The human shoulder is made of 4 joints,3 bones,numerous ligaments,tendons and muscles. Injuries that are acute and chronic are associated with this area. Children are very susceptible to shoulder injuries as they are very much involved in various outdoor sporting activities .Their immature bones and tendons could be reasons as well and an early identification of such problems favor a successful recovery and a quicker return to activity.
Acute injuries would mean injuries like fractures,dislocation of joints,ligament damage and muscle damage. Injuries to the muscles and ligaments are called strains and sprains respectively. It is quite a rare thing to find a child with a dislocated shoulder but can’t say the same about adolescents. When dislocated,the shoulder pops out of the socket completely and sits in front of the joint. An X ray must be taken and the shoulder placed back in the joint by a well experienced doctor. Dislocations stretch the soft tissue that holds the joint in place and makes the joint prone to another dislocation. To overcome this ,the adolescent must go through extensive rehabilitation to strengthen the muscles. A sling must be worn for a short period as well. The Acromioclavicular joint is dislocated at times and this is commonly known as the ‘separated shoulder’. This most often affects adolescents who receive a sharp blow to the shoulder tip. Again,most cases of separated shoulder is treated with the usage of a sling. It usually heals completely in 4-6 weeks. These injuries can happen while being engaged in contact sports or in activities which place high demands on the shoulder muscles( eg- fast bowling in cricket) .
Injuries from excess usage happen when the shoulders repeat the same motion over and over again over time. Swimming, baseball and tennis are sports which have a high incidence of such injuries as they place a lot of demand on the not so mature shoulder structures of adolescents and may result in symptoms that prevent athletic participation altogether. Pain will be experienced while throwing or swimming. Shoulder stiffness and even weakness in the arm maybe experienced too. Throwing injuries are very common as well. While throwing,the shoulder muscles go through a wide range of motion that causes gradual stretching and weakening of the capsule and ligaments,leading to instability of the shoulder joint as the structures can no longer hold the joint in place effectively and the shoulder now can slip partially out of the socket. The muscles and tendons must work harder to counter this and this,leads to their inflammation. The inflammation of the growth plate in the upper arm is called Epiphysitis. Proper sport technique and warm up are most important to reduce risks of these.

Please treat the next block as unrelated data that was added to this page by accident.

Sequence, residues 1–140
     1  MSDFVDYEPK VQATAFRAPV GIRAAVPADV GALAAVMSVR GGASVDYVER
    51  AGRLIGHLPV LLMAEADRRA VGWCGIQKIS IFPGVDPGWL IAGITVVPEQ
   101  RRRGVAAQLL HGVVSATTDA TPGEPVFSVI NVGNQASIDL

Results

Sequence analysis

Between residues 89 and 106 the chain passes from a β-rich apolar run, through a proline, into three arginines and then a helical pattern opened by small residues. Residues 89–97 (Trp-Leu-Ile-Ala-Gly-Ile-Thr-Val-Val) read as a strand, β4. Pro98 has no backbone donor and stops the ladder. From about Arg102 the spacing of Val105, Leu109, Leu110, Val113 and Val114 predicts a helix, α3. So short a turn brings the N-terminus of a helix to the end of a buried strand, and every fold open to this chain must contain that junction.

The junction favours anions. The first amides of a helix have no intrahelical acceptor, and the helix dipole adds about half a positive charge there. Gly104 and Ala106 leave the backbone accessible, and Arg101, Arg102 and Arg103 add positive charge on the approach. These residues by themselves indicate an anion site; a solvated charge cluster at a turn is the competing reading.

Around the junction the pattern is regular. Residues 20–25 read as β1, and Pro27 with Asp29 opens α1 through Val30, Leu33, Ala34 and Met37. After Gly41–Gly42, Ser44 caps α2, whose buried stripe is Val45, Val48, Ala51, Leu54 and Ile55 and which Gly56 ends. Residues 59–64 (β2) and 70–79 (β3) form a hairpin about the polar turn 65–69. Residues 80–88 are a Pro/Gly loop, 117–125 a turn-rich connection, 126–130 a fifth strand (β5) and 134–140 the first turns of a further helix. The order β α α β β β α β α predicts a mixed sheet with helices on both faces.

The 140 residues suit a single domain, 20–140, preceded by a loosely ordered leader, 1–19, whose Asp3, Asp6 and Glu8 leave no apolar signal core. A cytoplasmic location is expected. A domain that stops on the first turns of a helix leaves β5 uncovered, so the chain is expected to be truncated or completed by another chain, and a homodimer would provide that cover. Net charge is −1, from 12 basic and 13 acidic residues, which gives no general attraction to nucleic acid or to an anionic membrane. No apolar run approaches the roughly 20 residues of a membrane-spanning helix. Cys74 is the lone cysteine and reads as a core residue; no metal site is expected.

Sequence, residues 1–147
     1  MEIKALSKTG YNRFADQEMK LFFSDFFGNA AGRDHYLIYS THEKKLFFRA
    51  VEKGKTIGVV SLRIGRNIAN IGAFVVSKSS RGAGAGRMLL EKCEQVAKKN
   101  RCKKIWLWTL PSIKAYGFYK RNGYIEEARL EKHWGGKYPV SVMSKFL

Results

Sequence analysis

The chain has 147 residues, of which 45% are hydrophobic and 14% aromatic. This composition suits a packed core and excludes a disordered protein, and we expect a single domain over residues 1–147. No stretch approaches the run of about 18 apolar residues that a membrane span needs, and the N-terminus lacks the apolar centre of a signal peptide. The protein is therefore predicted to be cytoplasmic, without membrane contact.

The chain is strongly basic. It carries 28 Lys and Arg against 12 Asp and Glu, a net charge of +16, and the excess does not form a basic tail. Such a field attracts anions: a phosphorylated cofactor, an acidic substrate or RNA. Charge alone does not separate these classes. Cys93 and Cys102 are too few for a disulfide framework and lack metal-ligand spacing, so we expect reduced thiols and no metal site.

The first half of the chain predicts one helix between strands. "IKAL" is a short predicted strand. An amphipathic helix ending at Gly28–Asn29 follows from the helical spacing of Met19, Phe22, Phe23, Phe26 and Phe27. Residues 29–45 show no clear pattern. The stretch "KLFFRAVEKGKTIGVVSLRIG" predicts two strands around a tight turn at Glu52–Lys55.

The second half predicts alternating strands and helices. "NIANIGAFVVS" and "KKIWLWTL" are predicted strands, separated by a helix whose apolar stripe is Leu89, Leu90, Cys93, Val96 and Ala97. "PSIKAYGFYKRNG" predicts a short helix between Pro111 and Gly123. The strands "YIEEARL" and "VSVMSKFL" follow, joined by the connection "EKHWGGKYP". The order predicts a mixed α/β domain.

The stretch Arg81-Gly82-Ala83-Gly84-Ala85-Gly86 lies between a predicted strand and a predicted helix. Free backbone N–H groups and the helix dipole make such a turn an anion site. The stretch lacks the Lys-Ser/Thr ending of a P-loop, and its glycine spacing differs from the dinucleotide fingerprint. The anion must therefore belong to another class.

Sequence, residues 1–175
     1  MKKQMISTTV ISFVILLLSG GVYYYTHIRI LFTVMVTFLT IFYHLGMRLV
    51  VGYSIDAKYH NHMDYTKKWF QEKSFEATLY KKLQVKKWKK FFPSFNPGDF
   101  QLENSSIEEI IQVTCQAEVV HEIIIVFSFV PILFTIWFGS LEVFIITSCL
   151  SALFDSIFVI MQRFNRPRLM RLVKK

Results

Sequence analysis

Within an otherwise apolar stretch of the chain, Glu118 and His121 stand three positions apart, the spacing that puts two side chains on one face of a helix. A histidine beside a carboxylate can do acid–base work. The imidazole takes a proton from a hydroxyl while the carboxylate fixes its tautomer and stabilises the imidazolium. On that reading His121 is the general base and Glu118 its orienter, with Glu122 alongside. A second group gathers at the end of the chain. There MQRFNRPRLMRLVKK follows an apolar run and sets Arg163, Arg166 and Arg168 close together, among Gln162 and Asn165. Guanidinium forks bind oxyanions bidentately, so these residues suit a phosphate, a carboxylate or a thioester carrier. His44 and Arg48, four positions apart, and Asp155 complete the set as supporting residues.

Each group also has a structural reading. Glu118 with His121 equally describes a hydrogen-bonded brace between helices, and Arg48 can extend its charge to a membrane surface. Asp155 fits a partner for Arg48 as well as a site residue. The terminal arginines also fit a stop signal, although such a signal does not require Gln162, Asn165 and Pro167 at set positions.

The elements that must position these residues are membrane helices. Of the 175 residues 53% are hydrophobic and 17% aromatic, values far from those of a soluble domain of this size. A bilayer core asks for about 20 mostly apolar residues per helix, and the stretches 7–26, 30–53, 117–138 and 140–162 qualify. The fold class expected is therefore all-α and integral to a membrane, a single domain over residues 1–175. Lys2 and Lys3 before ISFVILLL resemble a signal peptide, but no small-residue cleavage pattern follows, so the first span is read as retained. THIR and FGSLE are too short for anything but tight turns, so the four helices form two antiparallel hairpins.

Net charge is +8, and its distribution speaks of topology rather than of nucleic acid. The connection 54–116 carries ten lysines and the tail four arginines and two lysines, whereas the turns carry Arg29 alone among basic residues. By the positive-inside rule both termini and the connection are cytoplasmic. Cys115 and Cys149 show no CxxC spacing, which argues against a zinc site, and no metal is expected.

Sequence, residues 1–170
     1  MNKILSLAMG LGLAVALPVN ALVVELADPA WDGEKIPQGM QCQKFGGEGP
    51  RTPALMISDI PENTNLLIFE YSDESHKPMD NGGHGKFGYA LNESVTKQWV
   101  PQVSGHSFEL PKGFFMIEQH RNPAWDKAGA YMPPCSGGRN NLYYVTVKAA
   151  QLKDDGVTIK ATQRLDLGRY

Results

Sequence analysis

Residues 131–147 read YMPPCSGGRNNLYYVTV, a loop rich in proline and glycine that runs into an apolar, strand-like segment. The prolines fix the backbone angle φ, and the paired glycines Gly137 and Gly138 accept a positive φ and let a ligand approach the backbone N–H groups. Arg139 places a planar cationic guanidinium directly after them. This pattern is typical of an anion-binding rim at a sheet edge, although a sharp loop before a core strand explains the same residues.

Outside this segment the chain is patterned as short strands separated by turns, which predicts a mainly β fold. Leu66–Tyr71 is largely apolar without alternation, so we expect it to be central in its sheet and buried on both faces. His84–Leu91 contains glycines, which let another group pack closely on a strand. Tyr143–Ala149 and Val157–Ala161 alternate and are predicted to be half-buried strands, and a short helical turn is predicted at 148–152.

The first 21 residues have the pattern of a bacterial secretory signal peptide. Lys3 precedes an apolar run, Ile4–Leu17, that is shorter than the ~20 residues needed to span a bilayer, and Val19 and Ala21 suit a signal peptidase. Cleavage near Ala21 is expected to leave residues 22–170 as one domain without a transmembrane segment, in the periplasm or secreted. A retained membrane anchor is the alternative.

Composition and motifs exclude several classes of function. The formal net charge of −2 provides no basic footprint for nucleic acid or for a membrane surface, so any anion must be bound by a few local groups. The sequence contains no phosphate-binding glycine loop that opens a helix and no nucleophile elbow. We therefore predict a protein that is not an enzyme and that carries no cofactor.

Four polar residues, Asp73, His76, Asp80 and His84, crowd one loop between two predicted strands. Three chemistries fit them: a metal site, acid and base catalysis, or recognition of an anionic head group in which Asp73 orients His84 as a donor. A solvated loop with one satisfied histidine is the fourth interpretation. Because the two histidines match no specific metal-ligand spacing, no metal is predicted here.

In these sports mentioned here,athletes use their arms over their heads as part of the activity, repeatedly, to throw and to catch. This repetitive overhead use of shoulder can lead to rotator cuff tendinitis .The rotator cuff is a bunch of muscles which help hold the ball of the shoulder in it’s socket. The overhead activity can cause the rotator cuff to be pinched under the shoulder blade which can lead to tendinitis. It gets better when one rests and ices the shoulder.
Repetitive shoulder instability may result from a traumatic dislocation or from chronic stretching of the joint capsule. This is commonly seen in swimmers and severely limits performance. Rest and modification of swimming strokes are the ways to go about this injury. To summarize,children and adolescents are quite prone to shoulder injuries. Parents should give importance when children experience and express significant shoulder pain and should not encourage them to play in pain. The quickest recognition of the problem is most important. Delaying treatment could lead to long term damage and might even hinder the child/adolescent from taking part in sports.